Is a CIMA Designation Worth It?
Advisors who have professional designations earn more, according to new research by Aite Group presented at the IMCA annual conference in Seattle.
From Phyllis Borzi of the DOL saying consumers are confused to the Consumer Financial Protection bureau calling for more disclosure of information, lately consumer advocates and regulators have been getting on the industry’s case about the number of designations floating around. For many, it’s resulted in a confusing alphabet-soup-like string of letters after their name. But new research by the Aite Group found that having a designation, including the CIMA, does pay off.
In fact, 40 percent of advisors with at least one financial designation earned $250,000 or more, versus only 20 percent of FAs with no designation, according to Aite’s survey of about 400 advisors with at least 12 years of industry experience. The research was presented at the Investment Management Consultants Association annual conference in Seattle on Tuesday.
Aite also surveyed 200 CIMA designation holders, who earned more than other advisors. Forty-two percent of CIMA holders earn $380,000 or more in yearly income, versus 9 percent for other advisors.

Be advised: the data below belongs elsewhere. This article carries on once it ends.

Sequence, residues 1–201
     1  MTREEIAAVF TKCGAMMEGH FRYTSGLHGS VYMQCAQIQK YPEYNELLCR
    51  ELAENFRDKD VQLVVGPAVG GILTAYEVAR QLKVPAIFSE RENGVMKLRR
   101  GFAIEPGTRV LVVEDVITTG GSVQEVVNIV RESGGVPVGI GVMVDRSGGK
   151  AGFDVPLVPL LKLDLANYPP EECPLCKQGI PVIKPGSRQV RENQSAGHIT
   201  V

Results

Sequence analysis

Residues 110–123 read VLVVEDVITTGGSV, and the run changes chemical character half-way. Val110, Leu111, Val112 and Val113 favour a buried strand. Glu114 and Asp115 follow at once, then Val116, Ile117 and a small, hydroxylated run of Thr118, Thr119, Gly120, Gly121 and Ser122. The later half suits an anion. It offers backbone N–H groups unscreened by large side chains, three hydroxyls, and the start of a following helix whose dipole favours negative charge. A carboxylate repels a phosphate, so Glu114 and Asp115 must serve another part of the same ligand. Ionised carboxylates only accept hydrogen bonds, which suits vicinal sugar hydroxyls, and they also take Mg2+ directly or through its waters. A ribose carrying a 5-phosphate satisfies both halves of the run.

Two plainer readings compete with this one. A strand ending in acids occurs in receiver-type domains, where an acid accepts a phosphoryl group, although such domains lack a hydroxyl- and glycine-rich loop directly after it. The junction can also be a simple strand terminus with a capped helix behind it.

But it’s not just a matter of the type of firm an advisor works for. While the wirehouses tend to hire, cultivate and retain advisors who produce strong revenue, even at the wirehouses CIMA professionals earned more. In the wirehouses, 48 percent of CIMA professionals earned more than $380,000 versus 24 percent of other FAs at the wirehouses.
Designation holders are also more likely to own a portion or all of their practice, Aite found. Of CIMA holders, 84 percent said they own all or part of the practice, compared to 57 percent of other advisors.
They’re also more satisfied with their career. According to the survey, 48 percent of CIMA advisors said they were very satisfied with their career, while only 25 percent of other advisors were very satisfied.
When advisors were asked about the impact of obtaining a CIMA certification on them and their clients, 71 percent said it has enhanced their knowledge of investment management; 69 percent said it’s boosted their confidence in managing investments, and another 64 percent said it’s increased their confidence with offering investment management services.
Sophie Louvel Schmitt, senior analyst with Aite, said CIMA advisors are more likely to work with high-net-worth clients, more likely to use asset-based fees, and more likely to invest in alternatives. And that’s especially important when attracting high-net-worth clients and Gen X and Y clients, she said.
Gen X and Y investors are less likely to invest in mutual funds, more likely to use alternatives and more interested in the fiduciary approach, Schmitt said, citing Aite research.
“They don’t believe in the traditional basket that their parents hold as much,” Schmitt said. “Practices that are investing today to improve their investment management expertise and to really focus on getting on their CIMA designation will be better positioned to appeal to this next generation of investors that are looking for alternative ideas, not just the cookie cutter approach that they could already do themselves on E-Trade.”
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